For a long time now, sports medicine experts have theorized that muscle cramps, that scourge of weekend warriors and professional athletes alike, are the result of muscle dehydration or a muscle starved for electrolytes. So, as you might expect, they’ve treated cramps accordingly, which is to say with water and electrolytes. But Rod MacKinnon, M82, H02, winner of the 2003 Nobel Prize in Chemistry, has a different idea.
“The primary origin of the cramp is the nerve, not the muscle,” MacKinnon told the Wall Street Journal not long ago. MacKinnon began to settle on this idea a decade ago, when a kayaking trip left his hands and arms cramping up badly. He and his friend Bruce Bean, a Harvard neurobiologist, hypothesized that muscle cramps might be linked to something gone awry with impulses in the nervous system. That led MacKinnon to a thought: Maybe if people consumed something pungent, their nervous system would be “distracted” by the sensory overload. Maybe that would help relieve the pain.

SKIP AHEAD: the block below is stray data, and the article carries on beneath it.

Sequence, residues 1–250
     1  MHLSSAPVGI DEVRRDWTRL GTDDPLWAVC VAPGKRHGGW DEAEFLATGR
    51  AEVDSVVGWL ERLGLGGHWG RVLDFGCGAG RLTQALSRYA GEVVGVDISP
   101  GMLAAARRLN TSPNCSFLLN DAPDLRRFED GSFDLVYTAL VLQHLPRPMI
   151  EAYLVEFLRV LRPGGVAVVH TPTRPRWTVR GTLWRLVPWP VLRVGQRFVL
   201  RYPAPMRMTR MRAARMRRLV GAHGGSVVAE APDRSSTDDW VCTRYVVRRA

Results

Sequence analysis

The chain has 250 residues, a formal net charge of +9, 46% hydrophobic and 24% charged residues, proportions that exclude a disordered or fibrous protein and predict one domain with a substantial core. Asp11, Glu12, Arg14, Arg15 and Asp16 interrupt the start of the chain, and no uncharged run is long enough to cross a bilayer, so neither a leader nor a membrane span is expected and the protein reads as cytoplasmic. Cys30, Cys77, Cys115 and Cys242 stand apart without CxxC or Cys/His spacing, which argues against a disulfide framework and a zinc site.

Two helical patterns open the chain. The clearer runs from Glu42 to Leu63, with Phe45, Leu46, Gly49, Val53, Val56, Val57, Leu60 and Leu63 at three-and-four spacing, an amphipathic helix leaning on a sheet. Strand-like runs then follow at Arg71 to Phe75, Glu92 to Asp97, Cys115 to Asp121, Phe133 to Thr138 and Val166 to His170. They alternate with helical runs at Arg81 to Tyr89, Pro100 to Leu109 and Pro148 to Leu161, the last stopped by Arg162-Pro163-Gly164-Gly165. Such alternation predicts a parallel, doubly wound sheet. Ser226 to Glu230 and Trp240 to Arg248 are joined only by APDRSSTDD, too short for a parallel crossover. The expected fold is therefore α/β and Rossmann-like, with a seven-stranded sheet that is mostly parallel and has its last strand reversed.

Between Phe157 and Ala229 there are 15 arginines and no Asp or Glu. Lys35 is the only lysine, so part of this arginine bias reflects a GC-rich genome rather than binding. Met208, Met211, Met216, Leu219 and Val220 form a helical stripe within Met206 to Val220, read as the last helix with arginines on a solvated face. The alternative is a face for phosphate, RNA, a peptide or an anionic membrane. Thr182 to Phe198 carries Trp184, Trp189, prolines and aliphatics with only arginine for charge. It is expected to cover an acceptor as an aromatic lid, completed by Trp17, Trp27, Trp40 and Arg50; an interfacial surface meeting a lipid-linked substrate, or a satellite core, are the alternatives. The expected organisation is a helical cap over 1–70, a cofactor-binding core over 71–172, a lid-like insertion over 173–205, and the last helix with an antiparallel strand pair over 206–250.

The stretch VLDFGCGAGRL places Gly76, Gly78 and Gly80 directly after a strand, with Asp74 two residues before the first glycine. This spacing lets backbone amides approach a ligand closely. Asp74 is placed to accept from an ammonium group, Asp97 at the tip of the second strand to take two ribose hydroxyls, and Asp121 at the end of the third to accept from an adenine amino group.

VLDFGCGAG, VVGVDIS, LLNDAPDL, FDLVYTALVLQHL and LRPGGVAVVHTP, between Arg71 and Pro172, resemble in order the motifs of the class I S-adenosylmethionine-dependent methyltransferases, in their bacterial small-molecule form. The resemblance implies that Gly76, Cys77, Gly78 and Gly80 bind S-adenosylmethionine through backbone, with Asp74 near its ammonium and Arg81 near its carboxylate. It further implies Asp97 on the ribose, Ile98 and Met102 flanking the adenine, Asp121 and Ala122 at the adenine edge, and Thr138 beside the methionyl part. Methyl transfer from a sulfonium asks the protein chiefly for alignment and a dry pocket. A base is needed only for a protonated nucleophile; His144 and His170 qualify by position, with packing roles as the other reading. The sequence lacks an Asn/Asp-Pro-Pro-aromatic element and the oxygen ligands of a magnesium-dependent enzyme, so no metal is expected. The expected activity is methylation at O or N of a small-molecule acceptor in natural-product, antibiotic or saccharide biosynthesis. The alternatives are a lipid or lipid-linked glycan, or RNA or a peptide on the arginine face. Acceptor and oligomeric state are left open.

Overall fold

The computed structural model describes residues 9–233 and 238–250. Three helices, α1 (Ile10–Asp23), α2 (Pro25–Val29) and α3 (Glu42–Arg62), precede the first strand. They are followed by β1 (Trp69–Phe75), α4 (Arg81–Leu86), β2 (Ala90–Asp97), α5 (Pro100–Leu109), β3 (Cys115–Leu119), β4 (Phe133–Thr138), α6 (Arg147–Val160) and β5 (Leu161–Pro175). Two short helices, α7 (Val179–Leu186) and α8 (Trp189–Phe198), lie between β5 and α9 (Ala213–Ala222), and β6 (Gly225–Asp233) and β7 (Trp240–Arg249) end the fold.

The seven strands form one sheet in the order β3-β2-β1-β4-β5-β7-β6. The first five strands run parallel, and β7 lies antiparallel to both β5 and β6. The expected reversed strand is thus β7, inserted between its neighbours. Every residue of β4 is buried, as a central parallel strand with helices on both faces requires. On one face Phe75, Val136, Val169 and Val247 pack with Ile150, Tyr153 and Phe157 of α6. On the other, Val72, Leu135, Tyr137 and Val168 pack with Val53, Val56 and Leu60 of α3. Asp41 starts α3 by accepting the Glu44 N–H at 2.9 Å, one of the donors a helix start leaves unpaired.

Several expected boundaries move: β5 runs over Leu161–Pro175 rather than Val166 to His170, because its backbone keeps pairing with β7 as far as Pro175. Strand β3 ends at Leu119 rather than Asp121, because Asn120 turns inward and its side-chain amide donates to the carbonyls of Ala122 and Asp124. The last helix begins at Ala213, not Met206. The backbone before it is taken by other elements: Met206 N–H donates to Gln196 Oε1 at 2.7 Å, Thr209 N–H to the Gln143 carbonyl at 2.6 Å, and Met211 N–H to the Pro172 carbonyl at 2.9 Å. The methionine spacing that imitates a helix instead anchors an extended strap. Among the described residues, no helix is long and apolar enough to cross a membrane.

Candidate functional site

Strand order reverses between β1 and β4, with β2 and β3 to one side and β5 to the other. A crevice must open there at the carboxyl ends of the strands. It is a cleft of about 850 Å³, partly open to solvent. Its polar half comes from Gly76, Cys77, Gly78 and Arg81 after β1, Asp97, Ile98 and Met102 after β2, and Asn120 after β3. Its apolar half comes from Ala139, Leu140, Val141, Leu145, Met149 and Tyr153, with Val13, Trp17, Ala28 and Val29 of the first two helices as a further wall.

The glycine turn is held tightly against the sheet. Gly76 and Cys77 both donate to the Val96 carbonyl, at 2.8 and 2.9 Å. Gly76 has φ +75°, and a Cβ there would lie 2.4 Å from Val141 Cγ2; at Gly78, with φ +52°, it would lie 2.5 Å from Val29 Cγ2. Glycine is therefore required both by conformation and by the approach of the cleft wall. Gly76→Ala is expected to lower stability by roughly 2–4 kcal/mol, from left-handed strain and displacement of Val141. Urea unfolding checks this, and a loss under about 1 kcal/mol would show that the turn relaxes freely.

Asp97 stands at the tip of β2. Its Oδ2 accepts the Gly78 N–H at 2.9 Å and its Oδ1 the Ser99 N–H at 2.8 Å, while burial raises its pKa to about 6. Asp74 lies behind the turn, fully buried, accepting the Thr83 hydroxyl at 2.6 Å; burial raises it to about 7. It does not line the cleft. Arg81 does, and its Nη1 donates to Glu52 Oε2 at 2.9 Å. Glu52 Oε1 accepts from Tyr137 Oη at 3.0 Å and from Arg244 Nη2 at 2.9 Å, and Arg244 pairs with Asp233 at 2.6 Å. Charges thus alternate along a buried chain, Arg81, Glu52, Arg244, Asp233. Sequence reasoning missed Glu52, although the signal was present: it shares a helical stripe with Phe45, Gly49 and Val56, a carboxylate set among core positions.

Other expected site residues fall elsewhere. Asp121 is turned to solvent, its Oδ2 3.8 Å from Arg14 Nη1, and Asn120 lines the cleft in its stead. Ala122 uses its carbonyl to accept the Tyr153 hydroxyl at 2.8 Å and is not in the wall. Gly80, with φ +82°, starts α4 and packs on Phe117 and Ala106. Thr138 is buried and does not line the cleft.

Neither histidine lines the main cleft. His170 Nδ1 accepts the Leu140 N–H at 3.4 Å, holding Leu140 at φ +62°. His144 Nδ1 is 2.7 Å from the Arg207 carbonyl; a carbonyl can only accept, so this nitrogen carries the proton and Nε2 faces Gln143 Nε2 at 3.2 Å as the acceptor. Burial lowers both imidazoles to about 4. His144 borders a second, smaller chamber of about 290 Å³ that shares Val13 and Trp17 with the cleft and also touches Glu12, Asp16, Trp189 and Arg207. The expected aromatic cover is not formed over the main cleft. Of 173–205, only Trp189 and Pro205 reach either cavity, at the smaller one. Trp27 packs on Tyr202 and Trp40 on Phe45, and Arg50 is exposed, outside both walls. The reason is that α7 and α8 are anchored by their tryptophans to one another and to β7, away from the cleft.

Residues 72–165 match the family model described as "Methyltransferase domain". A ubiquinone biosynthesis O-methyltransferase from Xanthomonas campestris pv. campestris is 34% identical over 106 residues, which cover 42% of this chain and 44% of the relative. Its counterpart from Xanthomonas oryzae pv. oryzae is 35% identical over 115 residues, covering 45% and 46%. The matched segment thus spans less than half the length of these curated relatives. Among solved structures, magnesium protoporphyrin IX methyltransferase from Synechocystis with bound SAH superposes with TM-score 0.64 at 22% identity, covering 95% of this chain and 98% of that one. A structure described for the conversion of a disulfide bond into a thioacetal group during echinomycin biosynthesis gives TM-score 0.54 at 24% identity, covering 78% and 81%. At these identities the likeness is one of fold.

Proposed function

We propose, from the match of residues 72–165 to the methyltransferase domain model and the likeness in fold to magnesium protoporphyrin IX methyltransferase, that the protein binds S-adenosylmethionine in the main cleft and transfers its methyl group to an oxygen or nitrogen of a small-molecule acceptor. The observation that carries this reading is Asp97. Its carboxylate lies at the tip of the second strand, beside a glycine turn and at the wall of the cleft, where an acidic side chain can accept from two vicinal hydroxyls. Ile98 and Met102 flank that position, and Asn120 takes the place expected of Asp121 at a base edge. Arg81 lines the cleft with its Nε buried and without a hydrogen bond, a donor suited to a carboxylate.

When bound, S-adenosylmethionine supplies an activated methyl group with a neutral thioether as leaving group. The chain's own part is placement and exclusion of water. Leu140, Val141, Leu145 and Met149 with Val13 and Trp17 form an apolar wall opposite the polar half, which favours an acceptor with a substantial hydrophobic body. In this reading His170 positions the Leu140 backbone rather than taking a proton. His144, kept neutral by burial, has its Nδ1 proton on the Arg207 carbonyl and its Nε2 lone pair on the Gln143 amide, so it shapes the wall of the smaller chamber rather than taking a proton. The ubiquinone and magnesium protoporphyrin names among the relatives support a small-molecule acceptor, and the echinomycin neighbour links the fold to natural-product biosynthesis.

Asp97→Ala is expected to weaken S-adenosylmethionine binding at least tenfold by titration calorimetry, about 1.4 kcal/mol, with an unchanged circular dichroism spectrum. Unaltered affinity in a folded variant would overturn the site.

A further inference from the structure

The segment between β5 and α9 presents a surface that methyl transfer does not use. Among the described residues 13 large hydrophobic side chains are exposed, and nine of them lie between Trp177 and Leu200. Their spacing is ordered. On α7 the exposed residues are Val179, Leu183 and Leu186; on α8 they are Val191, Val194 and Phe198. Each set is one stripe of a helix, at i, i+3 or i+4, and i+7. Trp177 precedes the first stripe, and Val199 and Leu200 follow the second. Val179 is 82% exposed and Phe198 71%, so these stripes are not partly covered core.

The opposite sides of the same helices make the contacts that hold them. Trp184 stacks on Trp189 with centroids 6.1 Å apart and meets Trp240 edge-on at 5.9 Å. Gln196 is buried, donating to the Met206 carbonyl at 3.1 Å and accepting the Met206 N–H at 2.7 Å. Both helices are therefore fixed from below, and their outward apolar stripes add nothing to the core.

To test his theory, MacKinnon has been tinkering at home, cooking up drinks with varying amounts of ginger and cinnamon while trying to induce muscle cramps through electrical stimulation. He has found that his drinks do indeed stave off cramps. The results of controlled lab studies, which he presented last year at meetings of the American Academy of Neurology and the American College of Sports Medicine, bear him out.
Word has gotten around, and endurance athletes have already started drinking something spicy before their events. In 2015, MacKinnon launched his own concentrated beverage, called Hotshot. Nobody, not even the inventor, pretends the peppery mix tastes good. But it appears to deliver such a shock that the nervous system can’t be bothered to set off muscle cramps.